What does that have to do with a picture of my foot (to the left)? Read on to find out!
I had foot surgery three weeks ago, and for the weeks that followed, I walked around in what was not-so-affectionately dubbed my "frankenshoe." For a very active person, trust me, it was extremely annoying to be so immobile. As it usually does, stuff like this gets me thinking about the customer experience - and, of course, a new blog topic.
During my recovery (the shoe is off now, thank goodness), every step I took required a bit of effort. I needed to plan ahead if I wanted to go from point A to point B (where often point A was my office and point B was the kitchen downstairs!), pooling all my needs into one trip. This got me thinking about customer effort and the efficiency of processes customers go through to achieve what they are trying to achieve with your business.
Do you have old, outdated, or unnecessary processes that customers go through to accomplish a simple task? Do you need examples? How about that antiquated phone tree on your IVR system? Or the million clicks that customers need to go through to purchase an item online? Or the multiple calls that need to be made to get an issue resolved? Or the search for a phone number just to call your support line? Or your return process? I could keep going...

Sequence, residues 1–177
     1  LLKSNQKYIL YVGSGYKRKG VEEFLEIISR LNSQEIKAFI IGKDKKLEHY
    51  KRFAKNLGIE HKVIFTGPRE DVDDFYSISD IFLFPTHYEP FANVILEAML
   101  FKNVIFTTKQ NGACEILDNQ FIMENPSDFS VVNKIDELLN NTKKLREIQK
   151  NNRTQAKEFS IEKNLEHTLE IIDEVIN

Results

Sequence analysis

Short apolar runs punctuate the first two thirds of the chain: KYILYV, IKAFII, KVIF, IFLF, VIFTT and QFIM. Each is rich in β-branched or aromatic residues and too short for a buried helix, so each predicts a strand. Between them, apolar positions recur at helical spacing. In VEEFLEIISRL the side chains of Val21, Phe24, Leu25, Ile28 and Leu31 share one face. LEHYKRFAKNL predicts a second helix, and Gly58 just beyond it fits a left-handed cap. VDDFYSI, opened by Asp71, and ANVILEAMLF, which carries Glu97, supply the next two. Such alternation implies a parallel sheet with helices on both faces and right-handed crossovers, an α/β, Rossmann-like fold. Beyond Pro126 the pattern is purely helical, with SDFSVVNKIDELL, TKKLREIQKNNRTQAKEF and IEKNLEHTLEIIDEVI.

Why does it have to be that way? It doesn't have to be! The crazy part is that we are all customers, and yet, we still design these awful processes that make no sense. Why isn't it just common sense?
In the all-too-often absence of common sense, we need a plan.
The customer experience can be immediately improved by reviewing the steps your customers have to go through in order to interact with your company. Not sure where to get started? Well, honestly, it's a pretty straightforward process.
- Map your customer journey. Walk in your customers' shoes to identify the journey, but walk in their frankenshoes to understand their effort.
- Listen to customers at key moments of truth.
- Conduct a root cause analysis to get to the heart of the matter. Surprised that it's a ridiculous process? Don't be. Just fix it now that you're aware of it.
- Act on the feedback. Improve the processes that they say are broken or cumbersome.
- Map your internal processes. Look at your behind-the-scenes process, too; likely they are a burden to your employees, which then trickles out to your customers and their experience.
Nothing is less productive than to make more efficient what should not be done at all. -Peter Drucker